West Point tests COVID detection device

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WEST POINT – Cadets at West Point have been selected for a test that utilizes a wearable, proximity logging device that helps evaluate where and when COVID outbreaks happen within troops.

The system uses a Samsung smartwatch with enhanced proximity and contact logging to gather data on interactions between devices, with the distinction that no GPS data or physiological data is being gathered. That is, it’s not tracking individuals. 

Chief Technology Officer of the Office of the Assistant Secretary of the Army for Acquisition, Logistics & Technology Dr. William Cohen has developed the technology for the apparatus after being proposed by Dr. Bruce Jette, the head of the office, as an investigation of an enhanced contact tracing technology used in Singapore. 

Cohen said the idea is to try to bring this technology, once enough field study has occurred, to the joint forces in order to combat the spread of COVID or any other communicable disease.

“The underlying principles that drive such an effort are: could you help prevent community spread by being proactive,” said Cohen. “That’s the ability of something, that we decided should be like a smartwatch, to provide immediate, actionable feedback to users of the device that they’re following social distancing guidelines, or they’re engaging in high-risk behavior.”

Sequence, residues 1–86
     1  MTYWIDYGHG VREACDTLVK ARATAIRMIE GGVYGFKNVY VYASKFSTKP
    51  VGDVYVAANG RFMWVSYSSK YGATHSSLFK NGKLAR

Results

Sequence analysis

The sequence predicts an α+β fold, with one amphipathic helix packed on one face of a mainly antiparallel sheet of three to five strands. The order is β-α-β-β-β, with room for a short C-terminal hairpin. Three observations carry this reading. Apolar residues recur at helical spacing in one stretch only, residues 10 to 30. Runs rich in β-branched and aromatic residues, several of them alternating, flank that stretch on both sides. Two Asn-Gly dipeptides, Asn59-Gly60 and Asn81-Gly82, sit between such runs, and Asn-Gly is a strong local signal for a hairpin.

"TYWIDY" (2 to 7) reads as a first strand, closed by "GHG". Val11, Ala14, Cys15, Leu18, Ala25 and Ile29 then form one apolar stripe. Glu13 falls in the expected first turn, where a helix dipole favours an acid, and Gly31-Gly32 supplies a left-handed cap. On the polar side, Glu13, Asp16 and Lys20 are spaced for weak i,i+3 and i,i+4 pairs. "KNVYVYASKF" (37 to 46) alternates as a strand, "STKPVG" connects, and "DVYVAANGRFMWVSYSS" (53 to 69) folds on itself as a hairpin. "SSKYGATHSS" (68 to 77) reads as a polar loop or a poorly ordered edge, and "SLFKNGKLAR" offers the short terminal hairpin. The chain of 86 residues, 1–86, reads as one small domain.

Currently, the device is set to the standard of being six feet apart.

This technology ensures the data is reliable, whereas contact tracing would have to be done manually, leaving the variable of an individual’s memory to recall where they were and when. 

Both Dr. Cohen and Chief Information Officer at West Point Col. Ed Teague agreed the academy was an excellent place to launch the program, given the cadets’ willingness to participate and the fact they are mostly confined to their post now, barring special circumstances.

“You have over 4,600 cadets and cadet candidates in close proximity to one another and we are operationalizing the implementation of the technology in the way that Dr. Cohen described it, within the processes that we already had in order to reduce the spread of the COVID infection within the corps,” said Teague.  

Cadets at West Point are currently wearing the devices, which began on Monday and completed on Saturday. Reports are given each day to ensure information from the devices is being sent to their servers for evaluation.